This article, from one of our partners, explores the career path of a school counselor as compared to pursuit of a general career in business. It is intended to help individuals considering a career in education, and counseling specifically, generate a better understanding of the profession.
Life during a pandemic leads people to reconsider priorities and examine their futures. As a consequence of changes to how businesses and institutions can function and thrive, individuals may start to look at career paths in new ways. You may find exciting business opportunities if you can show initiative and take bold steps, but commerce is not the only area where leadership is needed.
At the same time that businesses have to reinvent themselves, school closings and creative re-openings demonstrate the need for guidance in educational settings as well. No one may be more important to schools at the moment than on-staff guidance counselors. They are looked to by students, parents, and staff for their unemotional, professional focus on student life. Careers for business specialists and school counselors, essential employees moving forward, surprisingly share many real-world similarities.
Job prospects for business graduates will grow above the average rate as compared to all industries through at least 2028, according to the Bureau of Labor Statistics. The outlook for those holding degrees in school counseling shows similar projections. Businesses of the future will seek a continual influx of talent to stay relevant in increasingly competitive global markets, and schools will need to fill vacancies created by retiring workers.
Because both careers are in professional fields, days are rarely predictable in either. A day in the life of a guidance counselor is profiled extensively in this article. It highlights that the roles and responsibilities of a counselor are to help students thrive through reactive and proactive means. In this, the two careers align. The ability to produce positive outcomes and results is a requirement for maintaining a position.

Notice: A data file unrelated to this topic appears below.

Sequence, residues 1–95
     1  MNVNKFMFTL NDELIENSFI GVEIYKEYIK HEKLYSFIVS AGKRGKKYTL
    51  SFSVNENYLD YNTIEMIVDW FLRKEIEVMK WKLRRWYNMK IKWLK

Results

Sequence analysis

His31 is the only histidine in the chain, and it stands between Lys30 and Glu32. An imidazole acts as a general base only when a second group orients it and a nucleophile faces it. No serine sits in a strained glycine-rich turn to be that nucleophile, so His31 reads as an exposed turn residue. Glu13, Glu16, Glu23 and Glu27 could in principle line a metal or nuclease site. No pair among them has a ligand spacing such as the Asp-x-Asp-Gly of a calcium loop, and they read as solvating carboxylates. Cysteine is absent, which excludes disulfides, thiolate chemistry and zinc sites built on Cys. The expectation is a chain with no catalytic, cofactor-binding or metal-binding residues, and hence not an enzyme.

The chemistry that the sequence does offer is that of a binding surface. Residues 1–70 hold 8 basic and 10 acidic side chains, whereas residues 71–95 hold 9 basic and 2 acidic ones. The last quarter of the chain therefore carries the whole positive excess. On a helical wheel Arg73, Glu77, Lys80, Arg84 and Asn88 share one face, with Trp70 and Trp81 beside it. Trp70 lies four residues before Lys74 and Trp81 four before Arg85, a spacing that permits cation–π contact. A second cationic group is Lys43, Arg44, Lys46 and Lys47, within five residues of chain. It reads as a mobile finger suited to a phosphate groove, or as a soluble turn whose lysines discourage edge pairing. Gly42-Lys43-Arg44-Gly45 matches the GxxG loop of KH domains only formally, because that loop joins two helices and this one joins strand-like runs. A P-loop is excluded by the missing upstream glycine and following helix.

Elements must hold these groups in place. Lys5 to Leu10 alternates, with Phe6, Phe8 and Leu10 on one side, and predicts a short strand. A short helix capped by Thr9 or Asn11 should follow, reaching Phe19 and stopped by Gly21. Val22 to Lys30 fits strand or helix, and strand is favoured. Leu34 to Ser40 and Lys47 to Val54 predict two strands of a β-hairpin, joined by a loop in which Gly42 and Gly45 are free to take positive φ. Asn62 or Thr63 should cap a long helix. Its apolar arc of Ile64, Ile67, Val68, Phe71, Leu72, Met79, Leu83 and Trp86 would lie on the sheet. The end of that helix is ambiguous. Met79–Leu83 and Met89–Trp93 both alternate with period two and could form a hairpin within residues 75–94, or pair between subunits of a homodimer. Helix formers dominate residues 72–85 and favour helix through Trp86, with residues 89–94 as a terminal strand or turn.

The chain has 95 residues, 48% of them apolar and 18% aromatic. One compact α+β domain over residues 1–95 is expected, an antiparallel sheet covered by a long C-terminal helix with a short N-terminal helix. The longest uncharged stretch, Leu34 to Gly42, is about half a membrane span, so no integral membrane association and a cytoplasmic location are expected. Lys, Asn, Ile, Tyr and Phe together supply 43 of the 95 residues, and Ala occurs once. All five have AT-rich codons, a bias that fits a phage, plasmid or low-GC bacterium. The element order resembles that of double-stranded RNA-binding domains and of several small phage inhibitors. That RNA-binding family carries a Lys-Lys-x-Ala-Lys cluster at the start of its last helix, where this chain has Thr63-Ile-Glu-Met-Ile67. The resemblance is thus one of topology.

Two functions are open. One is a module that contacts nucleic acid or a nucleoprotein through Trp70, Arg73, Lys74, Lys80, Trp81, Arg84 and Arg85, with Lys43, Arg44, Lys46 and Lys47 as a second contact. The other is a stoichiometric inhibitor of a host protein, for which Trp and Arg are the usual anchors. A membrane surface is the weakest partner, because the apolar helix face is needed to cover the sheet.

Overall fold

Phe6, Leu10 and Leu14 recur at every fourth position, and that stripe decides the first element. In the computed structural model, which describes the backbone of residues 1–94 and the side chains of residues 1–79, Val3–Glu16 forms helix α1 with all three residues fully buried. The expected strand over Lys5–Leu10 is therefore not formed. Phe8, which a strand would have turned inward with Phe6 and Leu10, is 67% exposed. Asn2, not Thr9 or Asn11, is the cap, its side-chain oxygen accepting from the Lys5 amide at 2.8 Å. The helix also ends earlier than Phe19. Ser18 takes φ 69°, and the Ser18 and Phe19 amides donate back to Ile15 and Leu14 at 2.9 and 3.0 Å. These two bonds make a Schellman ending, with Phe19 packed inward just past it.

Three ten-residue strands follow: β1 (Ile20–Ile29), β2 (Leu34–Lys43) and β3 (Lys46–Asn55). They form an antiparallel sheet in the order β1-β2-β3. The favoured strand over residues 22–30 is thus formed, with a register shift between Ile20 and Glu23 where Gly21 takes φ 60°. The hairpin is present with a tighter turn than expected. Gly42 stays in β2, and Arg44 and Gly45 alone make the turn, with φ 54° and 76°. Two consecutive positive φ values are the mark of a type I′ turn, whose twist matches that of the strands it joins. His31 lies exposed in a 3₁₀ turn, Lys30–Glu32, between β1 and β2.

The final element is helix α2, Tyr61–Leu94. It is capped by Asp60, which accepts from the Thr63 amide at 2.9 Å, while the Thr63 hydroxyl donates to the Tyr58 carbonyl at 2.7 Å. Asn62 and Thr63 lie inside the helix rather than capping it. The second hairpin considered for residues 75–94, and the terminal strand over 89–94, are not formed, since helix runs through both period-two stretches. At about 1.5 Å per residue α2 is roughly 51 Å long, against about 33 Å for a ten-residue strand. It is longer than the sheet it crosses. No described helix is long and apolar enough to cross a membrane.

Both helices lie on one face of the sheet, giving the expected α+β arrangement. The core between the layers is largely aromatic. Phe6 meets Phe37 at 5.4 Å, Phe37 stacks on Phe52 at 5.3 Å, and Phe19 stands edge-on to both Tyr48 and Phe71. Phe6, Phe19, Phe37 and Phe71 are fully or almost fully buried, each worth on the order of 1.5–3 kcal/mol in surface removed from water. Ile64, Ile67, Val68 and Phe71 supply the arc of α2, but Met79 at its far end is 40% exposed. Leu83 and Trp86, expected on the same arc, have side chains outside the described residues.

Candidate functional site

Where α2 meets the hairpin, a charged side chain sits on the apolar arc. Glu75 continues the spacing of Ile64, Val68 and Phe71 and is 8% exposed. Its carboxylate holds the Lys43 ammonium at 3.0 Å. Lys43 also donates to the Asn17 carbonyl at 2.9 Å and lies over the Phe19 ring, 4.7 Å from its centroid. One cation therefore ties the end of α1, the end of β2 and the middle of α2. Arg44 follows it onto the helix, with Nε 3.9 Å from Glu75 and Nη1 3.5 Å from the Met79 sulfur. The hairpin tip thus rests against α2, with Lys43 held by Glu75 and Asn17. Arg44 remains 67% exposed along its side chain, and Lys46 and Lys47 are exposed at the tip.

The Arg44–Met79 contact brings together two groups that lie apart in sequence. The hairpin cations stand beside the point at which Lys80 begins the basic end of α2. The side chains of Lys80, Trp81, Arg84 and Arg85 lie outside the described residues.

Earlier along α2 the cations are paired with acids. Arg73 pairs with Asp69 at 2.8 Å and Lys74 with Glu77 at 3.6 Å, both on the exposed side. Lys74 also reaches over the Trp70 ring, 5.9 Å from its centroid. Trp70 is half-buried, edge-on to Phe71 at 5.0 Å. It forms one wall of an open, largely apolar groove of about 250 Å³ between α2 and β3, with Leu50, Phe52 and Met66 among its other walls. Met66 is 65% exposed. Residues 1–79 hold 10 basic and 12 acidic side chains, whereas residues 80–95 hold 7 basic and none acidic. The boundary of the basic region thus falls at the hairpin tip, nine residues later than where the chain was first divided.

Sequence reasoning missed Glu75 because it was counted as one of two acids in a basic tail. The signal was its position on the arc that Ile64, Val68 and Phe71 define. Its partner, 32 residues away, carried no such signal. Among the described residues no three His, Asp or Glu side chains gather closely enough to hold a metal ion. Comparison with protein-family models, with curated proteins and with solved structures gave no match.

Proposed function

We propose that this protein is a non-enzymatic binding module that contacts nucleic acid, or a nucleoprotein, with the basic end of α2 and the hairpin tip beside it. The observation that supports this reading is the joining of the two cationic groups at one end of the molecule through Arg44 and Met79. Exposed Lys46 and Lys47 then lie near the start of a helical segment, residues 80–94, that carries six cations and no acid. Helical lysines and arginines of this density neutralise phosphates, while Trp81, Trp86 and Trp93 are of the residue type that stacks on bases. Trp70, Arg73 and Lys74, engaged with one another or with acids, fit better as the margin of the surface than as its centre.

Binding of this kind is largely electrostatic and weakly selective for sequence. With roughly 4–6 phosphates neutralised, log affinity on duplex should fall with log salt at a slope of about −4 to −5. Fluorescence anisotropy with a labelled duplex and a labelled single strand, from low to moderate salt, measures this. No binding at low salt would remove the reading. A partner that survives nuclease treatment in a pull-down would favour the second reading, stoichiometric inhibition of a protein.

Often, corporate job interviews ask about your ability to work in teams. The ability to do so is important for productivity; however, an unspoken question is this: Do you get along with others? School counseling can seem like a strange social-interaction mix. You may spend a great deal of time working one-on-one with students, but you must work with teachers, administrators, and parents to provide input and elicit feedback.
In business, moving upward may mean growing from your place in an entry-level position. As you gain experience, you can occasionally be promoted. Sometimes, however, advancement stems from exploring an alternative career option. If your education stopped at a high school, attaining a college degree may be the primary way to climb the ladder.
In a school setting, school counselors are considered specialists, a step-up from the job of classroom teacher. Sometimes in education, changes in position are lateral moves, even when educators assume leadership duties as part of their career path. Advancement usually means going into school administration or assuming district leadership roles.
Both school counselors and business graduates can explore opportunities related to their careers, but outside the traditional setting in which they work. For example, a corporate employee can become an entrepreneur after gaining experience in a successful business setting. A school counselor can assume further education and licensing to become a Licensed Professional Counselor.
While educators and business employees work in different worlds, they require some of the same personal characteristics. It is worth looking closely at either when considering a new career path.